The sugars all hit VQA Prince Edward County levels, although we will also be making at least one sparking red this year which has to be labeled VQA Ontario, even though it will be 100% estate grapes from King Eddy.
As a result of this larger than anticipated harvest we expect to be offering a very significant quantity of red wine of Vintage 2019 in the tasting room after bottling in the spring.
Other Ontario regions
Shauna White, winemaker
Adamo Estate Winery
2019 was an exciting vintage but not without its challenges. Up in Mono we started the year off with a cool, wet spring and a delayed bud break. The delayed bud break was beneficial for eluding the frosts that we get here annually but it also meant a later start to the growing season. The weather started warming in June and summer finally arrived in mid-July, but we did not see the extreme high temperatures as we have in other years.
Our vine canopy was extremely healthy and happy throughout this growing season with a low disease pressure here in Mono. The cool nights came in the beginning of September and stayed for the remainder of the growing season, which helped to maintain and capture acidity for traditional cool climate structure and flavours in the grapes and now the wines.
The cool fall weather seemed to arrive earlier this vintage which allowed for longer hang times without the threat of the grapes breaking down due to botrytis or sour rot. By being able to let some varieties hang for an extended time, the flavours and berry ripeness could develop and a preferred picking date could be executed. Winter came quickly and the ability to harvest icewine at an early cold-snap was taken advantage of by many.
The early onset of winter temperature made blanketing our vines a bit of a challenge. For us, it was a race against the clock to get the vines pruned, tied and our blankets laid down before the ground went into a deep freeze for the winter. We achieved this goal for 2/3 of our 18 acres and then the snow came. Lucky for us, we were able to get the remaining 1/3 of the vineyard blanketed. We then had a thaw to allow for the movement of soil over the blanket edges, to seal them up for our winter protection and from the cold conditions ahead.
The 2019 vintage looks to be fantastic for most varieties showcasing crisp, fresh acidity in the whites and a balanced acid backbone for the reds. The aromas and structure of the wines reflect cool climate in a most traditional way with low pH’s and tightly focused palates that can allow for better aging in bottle.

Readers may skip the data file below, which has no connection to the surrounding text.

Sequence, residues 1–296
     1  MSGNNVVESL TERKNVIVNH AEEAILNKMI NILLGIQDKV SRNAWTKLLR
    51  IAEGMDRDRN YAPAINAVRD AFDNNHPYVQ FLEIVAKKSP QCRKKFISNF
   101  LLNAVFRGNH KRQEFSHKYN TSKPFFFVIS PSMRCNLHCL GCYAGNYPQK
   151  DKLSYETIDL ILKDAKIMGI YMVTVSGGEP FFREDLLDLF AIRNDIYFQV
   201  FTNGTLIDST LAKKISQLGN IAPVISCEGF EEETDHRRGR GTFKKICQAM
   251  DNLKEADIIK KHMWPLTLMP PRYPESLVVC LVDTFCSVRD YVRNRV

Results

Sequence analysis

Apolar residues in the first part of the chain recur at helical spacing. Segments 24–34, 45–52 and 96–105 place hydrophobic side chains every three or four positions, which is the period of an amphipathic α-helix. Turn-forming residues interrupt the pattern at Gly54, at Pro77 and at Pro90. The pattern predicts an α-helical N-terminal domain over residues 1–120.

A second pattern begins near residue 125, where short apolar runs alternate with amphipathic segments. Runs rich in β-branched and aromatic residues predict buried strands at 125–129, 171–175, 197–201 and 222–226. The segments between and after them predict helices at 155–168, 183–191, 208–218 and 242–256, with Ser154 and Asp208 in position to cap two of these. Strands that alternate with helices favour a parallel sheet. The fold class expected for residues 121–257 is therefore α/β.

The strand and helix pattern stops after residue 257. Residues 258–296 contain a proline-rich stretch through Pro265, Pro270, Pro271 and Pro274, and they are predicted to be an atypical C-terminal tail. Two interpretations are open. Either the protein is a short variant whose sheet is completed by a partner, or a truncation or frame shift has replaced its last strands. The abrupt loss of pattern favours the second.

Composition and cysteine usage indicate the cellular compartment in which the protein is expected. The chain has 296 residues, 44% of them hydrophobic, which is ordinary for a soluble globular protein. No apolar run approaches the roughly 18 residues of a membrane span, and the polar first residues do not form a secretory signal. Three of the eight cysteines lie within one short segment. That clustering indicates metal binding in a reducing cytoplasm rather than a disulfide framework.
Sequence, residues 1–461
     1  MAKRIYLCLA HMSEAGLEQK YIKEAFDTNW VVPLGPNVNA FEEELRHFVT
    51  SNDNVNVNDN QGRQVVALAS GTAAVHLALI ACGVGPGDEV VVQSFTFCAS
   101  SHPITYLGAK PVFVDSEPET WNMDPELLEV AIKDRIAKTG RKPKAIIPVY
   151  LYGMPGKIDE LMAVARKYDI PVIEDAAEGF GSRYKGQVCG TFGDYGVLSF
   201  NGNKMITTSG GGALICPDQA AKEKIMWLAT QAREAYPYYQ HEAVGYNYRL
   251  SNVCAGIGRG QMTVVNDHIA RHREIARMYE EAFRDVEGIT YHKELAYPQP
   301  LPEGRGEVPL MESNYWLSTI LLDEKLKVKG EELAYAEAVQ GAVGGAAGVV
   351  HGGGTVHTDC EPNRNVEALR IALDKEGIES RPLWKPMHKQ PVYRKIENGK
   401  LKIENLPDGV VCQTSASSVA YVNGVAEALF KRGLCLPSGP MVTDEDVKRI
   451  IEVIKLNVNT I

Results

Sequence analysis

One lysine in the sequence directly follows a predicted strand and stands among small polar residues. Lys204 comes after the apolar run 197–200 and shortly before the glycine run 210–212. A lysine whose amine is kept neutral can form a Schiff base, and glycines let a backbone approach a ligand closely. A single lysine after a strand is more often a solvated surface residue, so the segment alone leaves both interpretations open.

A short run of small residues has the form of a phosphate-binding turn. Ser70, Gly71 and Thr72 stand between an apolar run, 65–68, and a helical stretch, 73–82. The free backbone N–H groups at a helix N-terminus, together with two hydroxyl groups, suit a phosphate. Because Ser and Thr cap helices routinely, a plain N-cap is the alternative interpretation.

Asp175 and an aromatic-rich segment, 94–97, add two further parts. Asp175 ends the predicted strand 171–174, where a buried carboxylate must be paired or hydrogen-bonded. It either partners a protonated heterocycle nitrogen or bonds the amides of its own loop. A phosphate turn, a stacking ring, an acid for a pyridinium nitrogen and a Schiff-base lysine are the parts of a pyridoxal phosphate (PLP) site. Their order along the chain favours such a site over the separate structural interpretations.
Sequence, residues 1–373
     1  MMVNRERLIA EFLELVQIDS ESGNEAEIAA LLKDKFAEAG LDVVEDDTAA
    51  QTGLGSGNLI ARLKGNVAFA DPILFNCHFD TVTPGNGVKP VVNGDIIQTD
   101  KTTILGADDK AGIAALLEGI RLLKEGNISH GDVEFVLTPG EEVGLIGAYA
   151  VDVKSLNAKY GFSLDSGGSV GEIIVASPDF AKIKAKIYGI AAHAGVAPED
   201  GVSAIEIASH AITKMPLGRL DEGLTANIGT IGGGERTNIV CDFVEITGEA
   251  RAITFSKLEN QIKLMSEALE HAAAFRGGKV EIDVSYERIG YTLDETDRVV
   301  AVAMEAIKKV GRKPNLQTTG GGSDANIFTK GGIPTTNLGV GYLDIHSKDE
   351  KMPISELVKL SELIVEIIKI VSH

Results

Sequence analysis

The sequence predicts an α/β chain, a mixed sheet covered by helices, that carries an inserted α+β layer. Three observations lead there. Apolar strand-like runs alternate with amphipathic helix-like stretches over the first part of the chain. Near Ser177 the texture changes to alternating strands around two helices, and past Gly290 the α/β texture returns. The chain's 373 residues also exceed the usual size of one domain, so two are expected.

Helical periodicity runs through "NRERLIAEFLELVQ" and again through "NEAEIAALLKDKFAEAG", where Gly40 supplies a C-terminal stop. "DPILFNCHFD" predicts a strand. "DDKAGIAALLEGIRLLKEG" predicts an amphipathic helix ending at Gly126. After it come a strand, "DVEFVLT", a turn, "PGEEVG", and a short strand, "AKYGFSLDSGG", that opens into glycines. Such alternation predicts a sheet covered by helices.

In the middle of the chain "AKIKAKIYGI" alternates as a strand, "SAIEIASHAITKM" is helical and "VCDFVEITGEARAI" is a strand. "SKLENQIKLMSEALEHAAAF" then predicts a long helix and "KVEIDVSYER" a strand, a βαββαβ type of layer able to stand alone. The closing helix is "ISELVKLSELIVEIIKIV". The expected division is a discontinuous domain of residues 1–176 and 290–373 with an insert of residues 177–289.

We are very excited about our first harvest of Estate grown, Gamay Noir Rosé at Adamo. However the Pinot Noir, Chardonnay and Riesling, produced from our 6-year and 7-year-old vines, are stunning wines for this 2019 vintage. All in all, we love the 2019 vintage wines here in Mono!
Brian Hamilton, winemaker
KIN vineyards (Ottawa Valley)
The vintage’s biggest challenge was the late spring, which saw us about two weeks behind a typical season. The advantage to the late start was a reduced concern for spring frost damage, though, as unburying had not yet been completed. As a result we avoided any need to use our wind machine or vineyard candles to protect against cold events.
We realized with the late spring that the growing season would be compressed and the harvest, in all likelihood, would also be later than usual. With the requirement to complete vine burial by mid November we could manage our pruning and crop load to achieve grape ripeness within these parameters.
Flowering completed over a two-week time frame with little rain and uniform fruit set. The season saw ample sunshine and warmth as well as adequate rainfall to avoid any drought issues even in our more sandy areas of the vineyard.
Disease pressure was manageable and pest pressure minimal so later in the season saw perfect conditions with little mildew, good crop load (1 to 1.3 tons per acre) and little sorting required after careful hand picking.